Defined contribution pension amount depends on how much has been saved

In a defined contribution pension plan, your pension is based on the contributions and investment income that have accumulated in the plan by the time you retire. It will also depend on the type of retirement income plan you choose at that time. Under the tax rules, you and/or your employer may contribute 18 percent of your earnings (up to a maximum of $13,500 in 2001).

Not all private pensions are protected from inflation

Some plans provide full or partial indexation of benefits to inflation. Other plans provide discretionary increases from time to tome, to help keep up with inflation. Many plans do not provide indexing at all.

Pension income is taxable

Once you start receiving your pension, the income is taxable. This is because no tax was paid on the funds in the plan while you were making contributions.

What to do now

Review your company’s pension booklet

It’s a good time to read your pension booklet – it explains the terms of your employer pension plan. Find out what kind of plan you have and ask about the ages of normal and early retirement.

Review your pension statement

Take a look at your statement of benefits for your employer pension plan. Generally, if you are a member of a pension plan, you are entitled to one. This statement contains information such as your credited years or service, employee and employer contributions during the year, the pension benefit earned during the year, and your expected retirement date. Get to know your pension situation.

Planning to leave your company before you retire? What about your pension options?

You normally participate in an employer pension plan for two years before you have a right to receive benefits from it. At that time, your benefits are said to be “vested”; your contributions are locked in and can only be used to provide retirement income.

If you leave your employer before your benefits are vested, you are entitled to a refund of your contributions, plus interest.

If you leave after your pension is vested, you normally have three options:

  • take a pension when you reach retirement age;
  • transfer your pension funds to another pension plan if your new employer agrees; or
  • transfer your pension funds to a registered retirement account. This could be a “locked-in retirement account” or a “locked-in RRSP”, depending on your original pension plan. At retirement, you will need to transfer you funds to a locked-in Registered Retirement Income Fund or a Life Income Fund, or use the funds to purchase an annuity.

Rules about vesting, locking in and withdrawing funds vary, depending on the legislation that governs your plan. Make sure that you fully understand the consequences of all decisions you make in relation to your pension savings.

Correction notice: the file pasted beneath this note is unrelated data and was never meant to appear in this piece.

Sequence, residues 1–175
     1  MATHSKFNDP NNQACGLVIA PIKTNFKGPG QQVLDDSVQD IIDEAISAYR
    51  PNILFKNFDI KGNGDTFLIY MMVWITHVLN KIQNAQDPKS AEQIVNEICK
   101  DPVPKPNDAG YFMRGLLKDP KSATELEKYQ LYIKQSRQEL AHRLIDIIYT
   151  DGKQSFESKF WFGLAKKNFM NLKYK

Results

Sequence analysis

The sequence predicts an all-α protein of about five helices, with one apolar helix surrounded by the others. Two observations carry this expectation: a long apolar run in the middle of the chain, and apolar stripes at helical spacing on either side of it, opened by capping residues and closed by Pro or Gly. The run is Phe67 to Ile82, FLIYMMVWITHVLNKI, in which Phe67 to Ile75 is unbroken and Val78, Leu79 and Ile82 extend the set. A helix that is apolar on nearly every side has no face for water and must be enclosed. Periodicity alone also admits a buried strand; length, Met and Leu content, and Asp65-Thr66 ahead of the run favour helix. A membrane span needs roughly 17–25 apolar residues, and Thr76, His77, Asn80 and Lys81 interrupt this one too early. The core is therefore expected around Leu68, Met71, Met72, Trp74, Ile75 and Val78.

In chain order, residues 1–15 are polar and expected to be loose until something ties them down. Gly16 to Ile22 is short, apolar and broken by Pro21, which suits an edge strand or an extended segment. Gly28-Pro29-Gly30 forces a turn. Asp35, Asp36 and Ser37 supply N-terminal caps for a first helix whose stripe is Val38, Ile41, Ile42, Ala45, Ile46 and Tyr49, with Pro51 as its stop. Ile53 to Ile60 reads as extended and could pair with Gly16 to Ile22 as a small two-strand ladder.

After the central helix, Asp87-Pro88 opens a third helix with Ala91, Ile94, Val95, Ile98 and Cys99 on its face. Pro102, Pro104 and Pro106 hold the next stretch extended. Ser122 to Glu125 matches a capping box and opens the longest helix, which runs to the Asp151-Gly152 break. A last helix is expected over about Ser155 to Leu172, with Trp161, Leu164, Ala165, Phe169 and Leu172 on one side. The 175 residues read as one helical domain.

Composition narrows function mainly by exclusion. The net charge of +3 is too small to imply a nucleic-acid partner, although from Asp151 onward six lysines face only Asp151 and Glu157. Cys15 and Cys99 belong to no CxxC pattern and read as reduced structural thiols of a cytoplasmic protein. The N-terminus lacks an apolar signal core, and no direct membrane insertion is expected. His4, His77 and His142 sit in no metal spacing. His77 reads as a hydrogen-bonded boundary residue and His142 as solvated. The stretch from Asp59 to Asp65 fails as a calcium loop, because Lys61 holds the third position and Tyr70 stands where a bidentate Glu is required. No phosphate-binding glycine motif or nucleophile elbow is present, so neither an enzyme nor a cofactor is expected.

Registered Retirement Savings Plans (RRSPs)

RRSPs are the most popular method of personal savings for retirement, especially if you do not participate in an employer pension plan. RRSPs are individual, personally managed savings plans. Like employer pension, savings in an RRSP receive tax assistance – contributions are tax deductible and investment income is not taxed as it is earned. The tax is paid when funds are withdrawn from these plans.

RRSP funds may be invested in a range of financial products and investment vehicles, including savings accounts, Canada Savings Bonds, term deposits, guaranteed investment certificates, and mutual funds. You can set up an RRSP through most financial institutions – banks, credit unions, trust companies, mutual fund companies, insurance companies, and investment dealers or brokerage firms. You may set up a regular RRSP or a self-directed one. A self-directed RRSP may hold a wider range of investment vehicles (such as individual stocks) and allows you to directly manage your investments. Check with your RRSP issuer and CCRA to find out what investments may be held in your RRSP. Detailed information about RRSP you will find in section RRSP

Group Registered Retirement Savings Plans (Group RRSPs)

Some employers offer a group RRSP. It’s similar to an individual RRSP except that your employer deducts the contribution from your pay cheque and deposits it into an RRSP for you.

Deferred Profit-Sharing Plans (DPSP)

A deferred profit-sharing plan is set up by an employer for employees. The employer makes contributions based on the company’s profits up to a specified maximum. Like employer pension plans and RRSPs, savings in a DPSP are tax-assisted. The contributions and investment income remain tax-sheltered until amounts are paid out of the plan. When you retire, you may receive a lump-sum payment, transfer the funds to an RRSP or Registered Retirement Income Fund, or use them to purchase an annuity.

* This section was written by Serguei Totrov using the CFP course 203, Financial Planning for Retirement (The Canadian Association of Insurance and Financial Advisors).